Fully supported. Again time to implement will be significantly reduced. These measure will also ensure that the restrictions installed are effective and improve safety for children walking and cycling to and from school.


Proposal 4: Establish clear powers and requirements for residents to hold Community Streets, provided they have approval from RCAs 

Fully supported. It is important that communities learn to interact on a larger scale and the road reserve provides an appropriate space for these activities to be undertaken. The proposal empowers communities, based on their local knowledge and requirements, to take the initiative to create welcoming and safe spaces to bring local residents together at allocated times, without the fear of private vehicles travelling through.

Proposed requirements are satisfactory.


Proposal 5A: Allow RCAs to close roads for reoccurring events, by removing the 31-day limit per year for road closures in the LGA 1974

Fully supported. Our response is as per Proposal 4 (above). There should not be a specific limit to the number of regular events.

Proposal 5B: Bring together powers and requirements to close roads for events in one piece of legislation and update notification requirements so that RCAs can notify the public in any way that they consider appropriate at least two weeks before an event.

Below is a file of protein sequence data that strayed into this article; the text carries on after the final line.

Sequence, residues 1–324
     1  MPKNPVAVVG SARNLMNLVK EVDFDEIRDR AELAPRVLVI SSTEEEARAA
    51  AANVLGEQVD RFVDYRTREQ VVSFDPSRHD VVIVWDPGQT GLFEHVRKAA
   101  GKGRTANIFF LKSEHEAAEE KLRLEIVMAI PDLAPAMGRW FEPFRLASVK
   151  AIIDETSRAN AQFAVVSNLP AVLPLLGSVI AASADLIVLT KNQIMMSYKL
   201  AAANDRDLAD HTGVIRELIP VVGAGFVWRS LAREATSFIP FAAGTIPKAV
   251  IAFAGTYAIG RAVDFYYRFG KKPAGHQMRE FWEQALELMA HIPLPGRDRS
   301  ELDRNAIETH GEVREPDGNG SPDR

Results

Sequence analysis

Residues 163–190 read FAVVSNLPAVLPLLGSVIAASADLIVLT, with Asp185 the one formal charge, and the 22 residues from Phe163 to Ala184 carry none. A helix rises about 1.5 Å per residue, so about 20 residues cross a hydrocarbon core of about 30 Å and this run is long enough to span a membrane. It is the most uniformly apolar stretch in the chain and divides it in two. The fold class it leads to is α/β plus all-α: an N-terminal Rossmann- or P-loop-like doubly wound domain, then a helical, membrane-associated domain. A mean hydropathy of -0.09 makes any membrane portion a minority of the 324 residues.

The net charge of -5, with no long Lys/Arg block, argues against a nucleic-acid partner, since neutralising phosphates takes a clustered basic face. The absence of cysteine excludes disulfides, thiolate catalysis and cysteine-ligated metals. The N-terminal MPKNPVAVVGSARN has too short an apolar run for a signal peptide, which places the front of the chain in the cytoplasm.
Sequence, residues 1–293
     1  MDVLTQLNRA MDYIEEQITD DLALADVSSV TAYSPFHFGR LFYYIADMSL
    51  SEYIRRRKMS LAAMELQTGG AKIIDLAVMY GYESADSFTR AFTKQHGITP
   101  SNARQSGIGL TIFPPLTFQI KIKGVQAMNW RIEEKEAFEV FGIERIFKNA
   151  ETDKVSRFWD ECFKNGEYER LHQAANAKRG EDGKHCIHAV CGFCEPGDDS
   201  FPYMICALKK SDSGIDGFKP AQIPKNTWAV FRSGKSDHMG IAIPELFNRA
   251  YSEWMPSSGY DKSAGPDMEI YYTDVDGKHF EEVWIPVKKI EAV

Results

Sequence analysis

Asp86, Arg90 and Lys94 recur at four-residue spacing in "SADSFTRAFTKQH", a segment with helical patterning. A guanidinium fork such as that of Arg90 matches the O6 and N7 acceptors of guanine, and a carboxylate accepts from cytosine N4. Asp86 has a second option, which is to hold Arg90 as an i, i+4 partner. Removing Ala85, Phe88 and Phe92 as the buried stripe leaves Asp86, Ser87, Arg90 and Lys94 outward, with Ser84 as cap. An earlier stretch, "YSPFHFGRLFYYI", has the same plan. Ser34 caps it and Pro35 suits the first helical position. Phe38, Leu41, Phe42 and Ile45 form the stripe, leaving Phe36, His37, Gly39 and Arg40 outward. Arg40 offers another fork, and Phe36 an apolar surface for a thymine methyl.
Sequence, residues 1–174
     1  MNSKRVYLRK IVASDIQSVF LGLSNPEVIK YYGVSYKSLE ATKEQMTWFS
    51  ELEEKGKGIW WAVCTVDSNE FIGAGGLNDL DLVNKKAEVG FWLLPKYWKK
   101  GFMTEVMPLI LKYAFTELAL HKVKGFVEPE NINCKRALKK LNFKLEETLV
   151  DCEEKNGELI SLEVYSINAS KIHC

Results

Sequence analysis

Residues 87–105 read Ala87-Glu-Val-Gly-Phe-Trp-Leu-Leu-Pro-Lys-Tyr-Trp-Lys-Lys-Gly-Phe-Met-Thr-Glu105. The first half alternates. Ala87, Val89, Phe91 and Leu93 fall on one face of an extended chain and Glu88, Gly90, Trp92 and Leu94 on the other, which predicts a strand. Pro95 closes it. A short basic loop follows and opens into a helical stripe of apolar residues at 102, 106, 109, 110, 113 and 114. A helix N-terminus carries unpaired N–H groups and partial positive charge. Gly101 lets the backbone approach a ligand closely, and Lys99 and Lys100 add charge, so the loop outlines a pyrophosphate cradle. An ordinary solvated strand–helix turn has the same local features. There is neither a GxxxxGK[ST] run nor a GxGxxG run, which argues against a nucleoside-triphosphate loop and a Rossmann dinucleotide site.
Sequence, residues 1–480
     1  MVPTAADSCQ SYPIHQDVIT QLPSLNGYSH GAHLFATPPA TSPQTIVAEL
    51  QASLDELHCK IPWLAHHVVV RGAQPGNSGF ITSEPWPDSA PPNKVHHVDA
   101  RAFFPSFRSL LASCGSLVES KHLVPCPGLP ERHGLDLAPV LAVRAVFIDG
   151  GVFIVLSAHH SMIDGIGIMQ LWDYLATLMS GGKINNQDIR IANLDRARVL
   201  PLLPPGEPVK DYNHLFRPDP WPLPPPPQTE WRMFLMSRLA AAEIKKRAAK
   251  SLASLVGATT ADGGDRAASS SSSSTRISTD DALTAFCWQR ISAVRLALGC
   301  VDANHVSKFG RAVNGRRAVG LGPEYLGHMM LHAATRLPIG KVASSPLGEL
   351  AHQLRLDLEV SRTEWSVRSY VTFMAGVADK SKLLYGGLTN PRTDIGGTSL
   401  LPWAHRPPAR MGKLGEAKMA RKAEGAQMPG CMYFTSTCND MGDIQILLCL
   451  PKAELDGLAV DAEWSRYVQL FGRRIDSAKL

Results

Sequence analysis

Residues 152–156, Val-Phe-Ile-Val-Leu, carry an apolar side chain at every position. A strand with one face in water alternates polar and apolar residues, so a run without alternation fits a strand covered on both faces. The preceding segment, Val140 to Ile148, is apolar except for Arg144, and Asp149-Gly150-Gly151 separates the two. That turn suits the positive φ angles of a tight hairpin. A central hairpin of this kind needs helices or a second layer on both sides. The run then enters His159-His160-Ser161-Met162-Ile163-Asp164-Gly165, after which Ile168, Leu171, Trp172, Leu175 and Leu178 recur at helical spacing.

Fully supported vis-à-vis one piece of legislation. This would rationalise the requirements, remove current and potential inconsistencies and make it easier to implement and administer.

Fully support updating notification requirements. All events are different and might require specific and appropriate notification processes.

The Streets Layout rule will mean that streets will be safe for everyone during events. Insurance requirements could be reduced. However, it is noted that Road Controlling Authorities do not insure assets within the road corridor. There is a large amount of damage caused to road infrastructure, willfully or accidentally, and if perpetrators are not caught Road Controlling Authorities pay for repair to damages.


Proposal 6A: Remove the requirement for local authorities to use the special consultative procedure when establishing pedestrian malls. Instead, they must apply the consultation principles in the LGA 2002.

Fully supported.

Proposal 6B: Remove the ability for people to appeal to the Environment Court when a pedestrian mall is being created. People would be able to challenge the installation of a pedestrian mall through judicial review. 

Fully supported. Consistency is important to ensure changes are not open to legal challenges.

Proposal 6C: Shift legislative provisions for pedestrian malls to the proposed Street Layouts rule

Fully supported. For the same reasons set out above.


Proposal 7: Remove special notification requirements for creating transport shelters. Instead, RCAs would be able to publicly consult on transport shelters in the same way they do for other features, like bus stops.

Fully supported. Transport shelters (good quality designed facilities) are important in the Public Transport journey. Inadequate transport shelters is one of the key factors in deterring people from using Public Transport. With the current process there are too many local interests and ‘nimbyism’ delaying the implementation of bus stops and transport shelters.


The process is fully supported.

Reshaping streets submission close Monday 19 September 2022.